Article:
When discussing the Savage Axis rifle, there are two main shortcomings that come up time and time again. The first is the flexibility of the stock and the second is the heavy, gritty factory trigger. The former has been discussed ad inauseum in numerous posts and is not the subject of this article.
Until relatively recently, I was only aware of two types of solutions for the trigger issue.
The first solution consists of polishing all the contact surfaces to reduce friction, shimming the trigger on the pivot pins to reduce side to side wiggle, and perhaps working on the spring to reduce the trigger weight. There are several threads discussing these procedures. This end result of this is a much smoother trigger with a somewhat lighter pull weight and significantly less grittiness as the trigger is pulled. On my Axis, I did this series of modifications and the result was a smooth-acting trigger that was perfectly adequate as a hunting trigger with a pull weight of slightly less than three pounds.
The second solution to the rough factory trigger involves replacing it with an aftermarket trigger. There are a presently two companies (Rifle Basix and Timney) manufacturing aftermarket triggers for the Axis and they have both received positive reviews.
Recently I heard of a third possibility: Installing a Savage Accutrigger in place of the stock trigger. Now I am a tinkerer and I like to fix things, so when I heard about installing an Accutrigger in an Axis rifle (and I happened to have an extra Accutrigger lying around), I decided to give it a shot.
I like the Accutrigger. I don't shoot benchrest so I don't need the best trigger in the world. In my opinion, the Accutrigger is a very good trigger - certainly good enough for the hunting and casual target shooting in which I participate. I don't own any Savage rifle aftermarket triggers, so I will not attempt that comparison.
In this article I will simply explain how I safely installed the Accutrigger in my Axis rifle. I am not the first person to do this type of trigger modification, but I believe I am the first to fully document the procedures. By my use of the word "safely" I do not mean to imply that others are doing the same thing in an unsafe manner, but rather that I made sure the Accutrigger works as it would in a factory installation, and the rifle's factory safety retained its full functionality after the installation.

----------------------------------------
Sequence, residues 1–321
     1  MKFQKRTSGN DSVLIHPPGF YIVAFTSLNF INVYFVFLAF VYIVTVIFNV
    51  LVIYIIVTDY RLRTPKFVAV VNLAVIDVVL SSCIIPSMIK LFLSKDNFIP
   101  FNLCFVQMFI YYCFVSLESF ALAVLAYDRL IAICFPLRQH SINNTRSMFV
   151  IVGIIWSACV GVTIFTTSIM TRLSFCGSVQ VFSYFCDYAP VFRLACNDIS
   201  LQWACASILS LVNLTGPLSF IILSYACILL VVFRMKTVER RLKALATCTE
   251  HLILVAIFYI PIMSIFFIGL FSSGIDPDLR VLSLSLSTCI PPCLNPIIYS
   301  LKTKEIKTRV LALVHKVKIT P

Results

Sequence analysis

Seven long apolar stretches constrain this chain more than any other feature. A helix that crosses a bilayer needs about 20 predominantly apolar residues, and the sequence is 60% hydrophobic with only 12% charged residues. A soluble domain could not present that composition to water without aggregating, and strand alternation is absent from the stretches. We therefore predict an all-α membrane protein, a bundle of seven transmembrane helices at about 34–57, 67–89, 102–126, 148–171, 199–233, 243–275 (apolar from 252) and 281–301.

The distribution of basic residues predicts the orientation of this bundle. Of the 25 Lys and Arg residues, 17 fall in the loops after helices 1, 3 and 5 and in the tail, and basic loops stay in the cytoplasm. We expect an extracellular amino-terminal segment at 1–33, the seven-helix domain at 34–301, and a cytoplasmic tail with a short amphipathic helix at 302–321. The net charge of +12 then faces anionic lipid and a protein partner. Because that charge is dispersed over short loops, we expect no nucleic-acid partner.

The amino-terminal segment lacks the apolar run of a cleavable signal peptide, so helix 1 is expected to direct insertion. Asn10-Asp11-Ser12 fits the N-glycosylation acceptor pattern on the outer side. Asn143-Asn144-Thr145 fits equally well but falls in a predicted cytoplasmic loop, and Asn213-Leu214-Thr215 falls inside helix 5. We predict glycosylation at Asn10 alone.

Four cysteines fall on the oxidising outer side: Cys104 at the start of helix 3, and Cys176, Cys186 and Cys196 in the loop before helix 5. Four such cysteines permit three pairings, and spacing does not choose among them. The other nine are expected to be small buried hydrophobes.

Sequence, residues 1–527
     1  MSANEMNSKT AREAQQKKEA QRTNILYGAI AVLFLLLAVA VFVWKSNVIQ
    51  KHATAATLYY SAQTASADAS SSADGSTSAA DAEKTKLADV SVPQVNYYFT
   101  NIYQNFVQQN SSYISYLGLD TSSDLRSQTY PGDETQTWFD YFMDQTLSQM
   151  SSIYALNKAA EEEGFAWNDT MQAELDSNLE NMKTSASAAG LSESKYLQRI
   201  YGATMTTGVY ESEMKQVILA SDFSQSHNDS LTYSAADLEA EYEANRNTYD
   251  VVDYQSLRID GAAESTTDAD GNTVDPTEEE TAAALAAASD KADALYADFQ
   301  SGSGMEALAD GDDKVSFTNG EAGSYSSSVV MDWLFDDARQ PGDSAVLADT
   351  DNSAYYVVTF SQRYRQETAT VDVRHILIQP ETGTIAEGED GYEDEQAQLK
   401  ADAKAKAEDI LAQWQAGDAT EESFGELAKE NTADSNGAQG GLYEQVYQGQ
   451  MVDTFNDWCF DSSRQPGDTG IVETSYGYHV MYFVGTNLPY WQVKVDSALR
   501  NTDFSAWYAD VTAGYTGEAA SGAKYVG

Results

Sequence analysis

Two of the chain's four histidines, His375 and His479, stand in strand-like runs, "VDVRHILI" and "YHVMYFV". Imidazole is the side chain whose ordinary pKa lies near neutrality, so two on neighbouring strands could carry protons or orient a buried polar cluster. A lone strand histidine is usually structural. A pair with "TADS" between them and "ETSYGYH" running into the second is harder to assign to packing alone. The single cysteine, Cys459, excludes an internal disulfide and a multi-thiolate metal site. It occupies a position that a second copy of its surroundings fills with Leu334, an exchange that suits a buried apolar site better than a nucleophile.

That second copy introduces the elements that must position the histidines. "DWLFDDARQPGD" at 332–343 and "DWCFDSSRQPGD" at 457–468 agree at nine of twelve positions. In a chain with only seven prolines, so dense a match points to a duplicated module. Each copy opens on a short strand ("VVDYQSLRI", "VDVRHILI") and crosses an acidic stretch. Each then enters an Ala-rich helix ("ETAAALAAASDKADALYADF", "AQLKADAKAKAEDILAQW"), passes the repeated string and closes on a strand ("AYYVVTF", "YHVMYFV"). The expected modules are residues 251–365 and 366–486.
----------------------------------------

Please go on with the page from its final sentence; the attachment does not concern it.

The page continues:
First of all, the original idea behind this modification is not mine. Thanks go to former forum member Gary MacDonald for discussing this. It was his discussion of this modification that made me do it.
Background: The Accutrigger is shaped almost exactly the same as the stock trigger used in the Axis. That makes this a relatively easy modification. The results are impressive, especially when compared with a typical unmodified, stock Savage Axis trigger.
I am presuming that the person performing this modification already has a general knowledge of machine tools and firearms and is able to use both in a safe manner.
Ok, here's how to do it.
Do this at your own risk. What works or worked for me might not work for you. It is up to you to determine whether or not your rifle is safe at all times. As always - make sure your rifle is unloaded and safe to work on.
1. Remove stock
2. Remove trigger by removing the "E" clip and trigger pivot pin (See third photo) Be careful not to lose any parts, although there is nothing that will go "sproinggggg!" when you take the trigger off.
3. (This is the hardest part) Obtain an Accutrigger.
4. The Accutrigger has some wide spots that need to be ground down with a sander, a dremel or a grinding wheel so that it will fit into the Axis trigger bracket. The red oval in the photo below shows what needs to be ground down on the left side of the accutrigger. (Try not to be as sloppy as I was. A moment of inattention at the grinder and you see my results.)